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Toppin v. Kornegay

United States District Court, E.D. North Carolina, Western Division

February 21, 2014

JESSE M. TOPPIN, Plaintiff,


LOUISE W. FLANAGAN, District Judge.

Plaintiff filed this action pursuant to 42 U.S.C. § 1983, and it is before the court on the respective motions to dismiss pursuant to Federal Rule of Civil Procedure 12(b)(6) filed by defendants Captain Darnell ("Darnell"), Mr. Boisvert ("Boisvert"), Correctional Officer Carroll ("Carroll"), Sergeant Drumgo ("Drumgo"), Johnny Hawkins ("Hawkins"), Alvin Keller ("Keller"), Sergeant Key ("Key") and J. Kornegay ("Kornegay") (DE 20), as well as Correctional Officer Harrison ("Harrison") and Correctional Officer King ("King") (DE 29). Plaintiff did not respond to either motion. In this posture, the issues raised are ripe for adjudication.


The incident at issue arose on April 13, 2011, while plaintiff, a state inmate, was incarcerated at Warren Correctional Institution ("Warren"). Compl. p. 7. On this date, defendants Drumgo, Harrison, Key, and Carroll executed a search of plaintiff's cell. Id . Specifically, Key and Carroll detained plaintiff outside of his cell in "receiving" while Drumgo and Harrison searched plaintiff's "religious prayer box." Id . "During the search of [plaintiff's] room, some of [his] religious items were confiscated resulting in the los[s] of [his] personal religious items (property) and they have never been returned, therefore could not be desecrated properly as required by [his] religious beliefs." Id . The specific items plaintiff claims were confiscated include: (1) three ounces of gray sage; (2) four ounces of herbal Kinninick; (3) three ounces of white cedar; and (4) one sweet grass braid. Id . p. 9.

Subsequent to the search, plaintiff was charged with a disciplinary offense for possession of an unauthorized communication device because a black Samsung cell phone and battery pack were recovered from plaintiff's sacred items box in the course of the search. Id . Attach. 1, p. 7. On April 20, 2011, plaintiff plead guilty to the charged disciplinary offense and received forty-five (45) days in segregation, forty (40) hours extra duty, and lost twenty (20) days of good-time credit.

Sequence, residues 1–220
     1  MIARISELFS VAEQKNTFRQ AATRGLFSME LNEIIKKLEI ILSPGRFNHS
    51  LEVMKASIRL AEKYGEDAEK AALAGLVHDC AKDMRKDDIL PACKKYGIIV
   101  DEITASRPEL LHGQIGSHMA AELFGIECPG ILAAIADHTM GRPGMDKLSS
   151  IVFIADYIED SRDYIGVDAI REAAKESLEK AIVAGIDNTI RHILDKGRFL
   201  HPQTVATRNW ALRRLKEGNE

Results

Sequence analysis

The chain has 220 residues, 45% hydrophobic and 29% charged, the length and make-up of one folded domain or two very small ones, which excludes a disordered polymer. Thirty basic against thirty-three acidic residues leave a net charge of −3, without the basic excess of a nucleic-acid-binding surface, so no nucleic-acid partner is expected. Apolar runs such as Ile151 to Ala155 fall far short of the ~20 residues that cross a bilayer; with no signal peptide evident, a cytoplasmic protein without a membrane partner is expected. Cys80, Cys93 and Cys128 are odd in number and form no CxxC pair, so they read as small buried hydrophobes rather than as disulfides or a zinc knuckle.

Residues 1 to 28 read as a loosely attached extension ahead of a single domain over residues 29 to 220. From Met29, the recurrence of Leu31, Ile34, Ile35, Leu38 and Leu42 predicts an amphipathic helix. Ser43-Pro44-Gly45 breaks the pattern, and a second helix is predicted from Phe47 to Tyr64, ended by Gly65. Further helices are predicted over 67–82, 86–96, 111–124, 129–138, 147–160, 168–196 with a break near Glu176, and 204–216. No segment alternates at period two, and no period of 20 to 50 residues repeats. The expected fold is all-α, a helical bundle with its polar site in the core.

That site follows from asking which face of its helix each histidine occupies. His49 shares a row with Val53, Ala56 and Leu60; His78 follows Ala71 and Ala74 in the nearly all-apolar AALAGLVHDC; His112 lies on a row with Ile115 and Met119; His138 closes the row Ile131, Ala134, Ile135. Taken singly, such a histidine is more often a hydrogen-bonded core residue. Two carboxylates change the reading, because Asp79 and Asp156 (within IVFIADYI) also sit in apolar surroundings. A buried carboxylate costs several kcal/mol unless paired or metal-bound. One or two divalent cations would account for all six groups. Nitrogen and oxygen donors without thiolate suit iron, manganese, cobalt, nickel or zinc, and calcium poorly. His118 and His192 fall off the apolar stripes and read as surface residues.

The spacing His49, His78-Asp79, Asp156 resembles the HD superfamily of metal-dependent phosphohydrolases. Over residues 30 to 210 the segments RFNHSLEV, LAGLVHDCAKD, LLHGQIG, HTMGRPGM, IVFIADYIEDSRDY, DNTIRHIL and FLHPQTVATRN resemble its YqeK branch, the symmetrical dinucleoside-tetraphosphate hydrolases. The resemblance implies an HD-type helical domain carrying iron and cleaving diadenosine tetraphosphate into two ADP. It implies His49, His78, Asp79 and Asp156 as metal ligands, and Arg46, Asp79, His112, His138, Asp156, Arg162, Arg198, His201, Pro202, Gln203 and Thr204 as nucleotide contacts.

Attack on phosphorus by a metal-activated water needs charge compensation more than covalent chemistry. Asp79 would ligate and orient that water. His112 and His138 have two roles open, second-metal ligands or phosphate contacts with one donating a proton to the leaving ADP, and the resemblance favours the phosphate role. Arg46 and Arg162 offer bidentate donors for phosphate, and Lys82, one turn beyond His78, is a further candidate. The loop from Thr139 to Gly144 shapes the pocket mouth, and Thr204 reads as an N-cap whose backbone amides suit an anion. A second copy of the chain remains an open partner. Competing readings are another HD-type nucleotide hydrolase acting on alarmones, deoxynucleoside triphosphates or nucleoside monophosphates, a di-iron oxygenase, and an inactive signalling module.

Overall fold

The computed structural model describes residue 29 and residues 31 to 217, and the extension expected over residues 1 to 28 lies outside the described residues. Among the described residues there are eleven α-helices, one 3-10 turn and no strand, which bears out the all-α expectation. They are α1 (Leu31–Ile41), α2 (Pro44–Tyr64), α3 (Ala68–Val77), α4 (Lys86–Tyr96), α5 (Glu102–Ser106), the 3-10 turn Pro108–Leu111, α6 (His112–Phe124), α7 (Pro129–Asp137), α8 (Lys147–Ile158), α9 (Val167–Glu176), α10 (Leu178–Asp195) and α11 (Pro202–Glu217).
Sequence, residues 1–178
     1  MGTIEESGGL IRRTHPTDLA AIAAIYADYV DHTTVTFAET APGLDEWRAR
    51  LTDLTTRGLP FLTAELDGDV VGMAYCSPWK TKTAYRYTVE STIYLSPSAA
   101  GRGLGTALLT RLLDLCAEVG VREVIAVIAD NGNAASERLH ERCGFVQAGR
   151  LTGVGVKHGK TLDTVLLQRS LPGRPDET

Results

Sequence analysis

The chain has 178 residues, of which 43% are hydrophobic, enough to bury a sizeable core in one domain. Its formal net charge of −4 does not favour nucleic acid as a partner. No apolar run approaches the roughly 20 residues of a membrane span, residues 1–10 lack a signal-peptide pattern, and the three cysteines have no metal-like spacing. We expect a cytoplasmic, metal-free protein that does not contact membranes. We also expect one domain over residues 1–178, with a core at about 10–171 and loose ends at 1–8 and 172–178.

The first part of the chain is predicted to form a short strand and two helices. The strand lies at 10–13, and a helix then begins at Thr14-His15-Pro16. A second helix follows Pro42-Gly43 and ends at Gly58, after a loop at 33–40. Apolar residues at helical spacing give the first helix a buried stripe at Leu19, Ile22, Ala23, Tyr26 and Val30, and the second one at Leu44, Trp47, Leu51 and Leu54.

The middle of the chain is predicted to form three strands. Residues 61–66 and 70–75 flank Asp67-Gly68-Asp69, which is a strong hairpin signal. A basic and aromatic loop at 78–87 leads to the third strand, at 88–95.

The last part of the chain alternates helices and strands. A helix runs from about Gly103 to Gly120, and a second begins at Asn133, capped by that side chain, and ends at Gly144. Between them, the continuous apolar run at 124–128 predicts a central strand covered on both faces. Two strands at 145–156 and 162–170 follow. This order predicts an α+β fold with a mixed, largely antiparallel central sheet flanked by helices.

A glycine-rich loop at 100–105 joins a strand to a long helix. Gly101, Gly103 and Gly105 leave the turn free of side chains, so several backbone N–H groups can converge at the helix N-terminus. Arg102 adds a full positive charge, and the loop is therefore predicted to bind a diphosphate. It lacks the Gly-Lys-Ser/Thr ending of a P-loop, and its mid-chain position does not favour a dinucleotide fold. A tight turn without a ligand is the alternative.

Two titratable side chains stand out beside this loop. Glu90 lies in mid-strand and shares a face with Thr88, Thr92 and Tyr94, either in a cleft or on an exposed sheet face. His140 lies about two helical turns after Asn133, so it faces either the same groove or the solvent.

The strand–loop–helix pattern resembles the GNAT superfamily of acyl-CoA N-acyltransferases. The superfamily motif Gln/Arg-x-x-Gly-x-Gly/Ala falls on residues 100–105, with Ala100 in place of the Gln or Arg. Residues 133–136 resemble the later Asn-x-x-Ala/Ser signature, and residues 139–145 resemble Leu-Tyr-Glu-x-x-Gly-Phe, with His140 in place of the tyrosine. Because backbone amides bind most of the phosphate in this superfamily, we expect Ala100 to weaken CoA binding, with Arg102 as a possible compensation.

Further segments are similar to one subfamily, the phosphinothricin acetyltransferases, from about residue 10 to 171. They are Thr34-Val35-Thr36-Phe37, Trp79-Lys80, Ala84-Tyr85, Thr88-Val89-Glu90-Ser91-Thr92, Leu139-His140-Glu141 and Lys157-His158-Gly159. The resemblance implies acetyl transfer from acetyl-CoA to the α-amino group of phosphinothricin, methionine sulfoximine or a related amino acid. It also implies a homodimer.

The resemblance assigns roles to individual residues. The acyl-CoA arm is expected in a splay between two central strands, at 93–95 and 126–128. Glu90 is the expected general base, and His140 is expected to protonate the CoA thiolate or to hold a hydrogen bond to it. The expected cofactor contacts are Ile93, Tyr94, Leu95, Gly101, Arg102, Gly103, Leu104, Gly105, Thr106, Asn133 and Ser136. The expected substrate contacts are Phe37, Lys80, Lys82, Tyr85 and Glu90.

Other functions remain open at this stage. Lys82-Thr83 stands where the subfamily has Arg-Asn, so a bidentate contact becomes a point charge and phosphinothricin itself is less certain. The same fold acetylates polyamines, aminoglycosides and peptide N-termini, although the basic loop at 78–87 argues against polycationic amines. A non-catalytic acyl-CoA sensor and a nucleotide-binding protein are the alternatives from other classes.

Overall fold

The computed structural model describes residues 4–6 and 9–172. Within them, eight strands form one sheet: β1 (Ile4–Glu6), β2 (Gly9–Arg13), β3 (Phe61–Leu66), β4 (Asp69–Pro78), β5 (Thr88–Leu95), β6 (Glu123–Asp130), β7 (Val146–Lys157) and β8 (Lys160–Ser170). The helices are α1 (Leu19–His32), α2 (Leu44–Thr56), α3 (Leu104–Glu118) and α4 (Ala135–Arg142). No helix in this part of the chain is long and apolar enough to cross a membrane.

On May 31, 2012, plaintiff filed this action pursuant to 42 U.S.C. § 1983 alleging that defendants violated his rights pursuant to the First, Fourth, and Fourteenth Amendments to the United States Constitution. Plaintiff also alleges that defendants violated North Carolina Department of Public Safety ("DPS") policy. Finally, plaintiff alleges that defendants' repeatedly failed to process his grievances in retaliation for plaintiff's attempt to vindicate his First, Fourth, and Fourteenth Amendment rights. As relief, plaintiff seeks compensatory, punitive, exemplary, and nominal damages for violations of his constitutional rights and loss of his religious property. Plaintiff additionally seeks declaratory and injunctive relief.

Defendants subsequently filed motions to dismiss, arguing that plaintiff failed to state a claim upon which relief may be granted. Although plaintiff was notified of defendants' motions to dismiss, he failed to respond.


A. Motion to Dismiss

1. Standard of Review

A motion to dismiss under Rule 12(b)(6) determines only whether a claim is stated; "it does not resolve contests surrounding the facts, the merits of a claim, or the applicability of defenses." Republican Party v. Martin , 980 F.2d 943, 952 (4th Cir. 1992). A claim is stated if the complaint contains "sufficient factual matter, accepted as true, to state a claim to relief that is plausible on its face.'" Ashcroft v. Iqbal , 556 U.S. 662, 677 (2009) (quoting Bell Atlantic Corp. v. Twombly , 550 U.S. 544, 570 (2007)). In evaluating whether a claim is stated, "[the] court accepts all well-pled facts as true and construes these facts in the light most favorable to the plaintiff, " but does not consider "legal conclusions, elements of a cause of action, ... bare assertions devoid of further factual enhancement[, ]... unwarranted inferences, unreasonable conclusions, or arguments." Nemet Chevrolet, Ltd. v., Inc. , 591 F.3d 250, 255 (4th Cir. 2009) (citations omitted). In other words, this plausibility standard requires a plaintiff to articulate facts, that, when accepted as true, demonstrate that the plaintiff has stated a claim that makes it plausible he is entitled to relief. Francis v. Giacomelli , 588 F.3d 186, 193 (4th Cir. 2009) (quotations omitted).

2. Analysis

a. Fourth Amendment

Plaintiff asserts that the search of his cell constituted an unreasonable search and seizure in violation of the Fourth Amendment to the United States Constitution. However, an inmate does not have a legitimate expectation of privacy in his prison cell, and "the Fourth Amendment proscription against unreasonable searches does not apply within the confines of the prison cell." ...

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